Elbows on the bar, rocking on my stool a bit, nodding my head and tapping my feet to a Wilson Pickett song on the jukebox, I was doing alright. I ordered a can of PBR and put a cigarette in my ear, hoping that I’d remember to smoke it at some point. Not now though. Not yet. Just sitting there like that, taking hits from my can of PBR, loving the almost holy way things seemed to be occurring, the way they happened, and kept happening, and how I was swimming in it, free, alone, not bothered at all, dreamy even, and at last unfettered from my inhibitions, I was stronger than Atlas and smarter than Einstein, I was where the weather suited my clothes, I was steeped in the good, and the moral, and the beautiful, in the wonderful ways that the universe moved, and all of my moments were ecstatic and surcharged with meaning. The haggard woman sitting on the bar stool next to me swiveled around, looked at me, tried to say something, made a face like a witch being strangled, and promptly vomited on the floor by my shoes. It was time to smoke that cigarette. I left a few bucks for the bartender and made my exit.

“I only dream in black and white. Except for people’s faces. And cats. That’s my burden, I guess.”

This was some scrawny guy with bad teeth who claimed to be on, “crystal, man.” He had a RoboCop t-shirt on that was so thin that its image of the famous sci-fi crime fighter could’ve passed for a faded tattoo on his chest.

I was okay with it. For some reason I was okay with everything at this point.

“Have you read about me? I’m almost surely famous by now.”

“Yeah. Sure. I believe I read about you in the Bible Comics last week.”

“That’s a riff on being human, I guess. God’s got thicker skin than most. At best I’m a malcontent hooligan with silver stars on my ass, right?”

“That’s good enough for me, buddy.”

“Holly or holy?”

“Sure. It’s all either without an or. And the streets here are all lined with coal. Hey, man. Look. I ain’t anybody’s intended. And me, I am for sure not in the business of telling anyone, ‘I admire every square inch of your person,’ or anything like that. Listen up, Lenny Bruce. Or it’s just the same, I guess. I’ve got a dirty mouth but no no-talent wife anymore. Let me tell you, none of it’s ‘pretty good’ at all.”

“Your smoke’s out.”

All the jawing had somehow put my cigarette to sleep. I just shook my head at it, muttering, “Everything’s wrecked.” I flicked the useless prop into the street where it lay waiting to be floated off into the grates of a storm drain during the next downpour, eventually making its way out to sea, and probably ending up with hundreds of other butts on the beach where some unsuspecting kid poking around in the sand might pick it up and wonder, ‘How the hell did this get here?” I hated myself for the dalliance, but couldn’t rouse enough gumption to go snag the thing up for some reason, and so left it there to let nature and time do what it may to it — just like me.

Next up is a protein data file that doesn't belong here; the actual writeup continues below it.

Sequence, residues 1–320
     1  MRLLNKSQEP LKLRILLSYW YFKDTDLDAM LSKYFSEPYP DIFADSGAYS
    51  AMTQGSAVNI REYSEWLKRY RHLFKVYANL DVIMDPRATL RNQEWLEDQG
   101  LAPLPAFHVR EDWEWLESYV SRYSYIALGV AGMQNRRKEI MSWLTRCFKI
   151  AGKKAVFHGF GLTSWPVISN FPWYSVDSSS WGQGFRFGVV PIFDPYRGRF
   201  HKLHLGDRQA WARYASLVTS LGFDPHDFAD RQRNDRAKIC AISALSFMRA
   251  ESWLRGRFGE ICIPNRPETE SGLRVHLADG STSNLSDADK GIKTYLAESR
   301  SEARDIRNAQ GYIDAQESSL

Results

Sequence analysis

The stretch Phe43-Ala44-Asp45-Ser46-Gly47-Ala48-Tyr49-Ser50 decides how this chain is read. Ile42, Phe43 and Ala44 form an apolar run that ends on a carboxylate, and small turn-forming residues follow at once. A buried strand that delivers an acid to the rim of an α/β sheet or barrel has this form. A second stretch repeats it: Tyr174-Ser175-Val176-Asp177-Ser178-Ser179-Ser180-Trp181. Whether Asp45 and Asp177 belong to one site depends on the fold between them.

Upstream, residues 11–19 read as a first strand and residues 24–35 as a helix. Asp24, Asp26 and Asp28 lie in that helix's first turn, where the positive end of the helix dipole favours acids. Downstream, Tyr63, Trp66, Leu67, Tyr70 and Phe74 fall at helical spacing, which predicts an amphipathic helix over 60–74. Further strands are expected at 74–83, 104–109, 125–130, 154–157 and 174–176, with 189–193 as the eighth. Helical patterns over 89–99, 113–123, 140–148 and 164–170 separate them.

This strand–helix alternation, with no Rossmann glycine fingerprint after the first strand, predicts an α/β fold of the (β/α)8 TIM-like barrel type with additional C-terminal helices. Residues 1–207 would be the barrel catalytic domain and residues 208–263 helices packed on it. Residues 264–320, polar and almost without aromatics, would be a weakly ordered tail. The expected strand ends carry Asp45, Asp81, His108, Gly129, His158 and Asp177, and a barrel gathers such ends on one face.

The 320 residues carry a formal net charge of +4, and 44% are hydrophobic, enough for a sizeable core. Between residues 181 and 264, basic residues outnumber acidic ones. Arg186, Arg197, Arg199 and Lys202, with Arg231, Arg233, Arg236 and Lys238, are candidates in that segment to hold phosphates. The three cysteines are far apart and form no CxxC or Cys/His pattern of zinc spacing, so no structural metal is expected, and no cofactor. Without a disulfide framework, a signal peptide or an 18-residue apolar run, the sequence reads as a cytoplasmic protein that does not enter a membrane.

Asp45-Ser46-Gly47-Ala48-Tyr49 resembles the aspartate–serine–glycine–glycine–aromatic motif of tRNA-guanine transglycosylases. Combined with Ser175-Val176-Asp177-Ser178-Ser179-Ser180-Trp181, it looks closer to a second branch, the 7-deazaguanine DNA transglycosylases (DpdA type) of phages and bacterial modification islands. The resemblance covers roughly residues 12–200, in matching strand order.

The RoboCop fan wandered off, likely in search of his next meth fix, and I said my goodbyes. The whole thing was a con job anyway. Everything was broken. I wasn’t in the business of telling anyone, “I like you more than toast, but less than a carburator.” It was a real bum deal all around.

I walked and walked. People were scattered all over the place. Something inside of me was very wrong, like a lispy voice saying, “East Alabama, son. We’re not over a thing.” I was disqualifying myself from adult conversation to say the least.

“the refuge of the incompetent like crayon murals on spackled drywall stiff lowers and a pack of sergeants singing whole for less of a grumpy standstill shake yourself caught remain summed there in the bash of your skull with civilization just a soft touch away grenades tossed to dream of kite-flying weather in rockrose dilemmas of course barely suitable occasional raps on balsa wood and besides who’s delivering Gideons to castanet mechanics in these carry-on times blots of sapped joy fluted to this klutzy clank passed over and eventually away with a newspaper in one hand and can of Raid in the other like some lost little lady wandering into a bar cute to a certain extent reacquainted with a real Euclidean personality crass as hell about it too pouring it on in cripple counts rare and remarkable as ever gator-arming the casket where the with never stays like it should”

The voices I was hearing were matching the ones I was using, for once, and I didn’t want it all to end just yet. But it would. I knew it. Everything’s got to. Really, what else does anything ever do? Besides, I was done fiddling around with strangers’ self-worth. It’s a cop-out strategy I am too readily available for. I wandered. I roamed. I spent much energy and willpower in conquering California’s steep grade up to the top of Nob Hill, and once there my worthless disposition was complete. There was no attention left to get. “Nothing doing,” was all I could spew. The bricks of the Mark Hopkins had gone all pink and gold in the sunset. The flags were fluttering over the Fairmont’s entrance. I stood on the corner of Mason and California and waited for the light to change. There was nothing else left to do.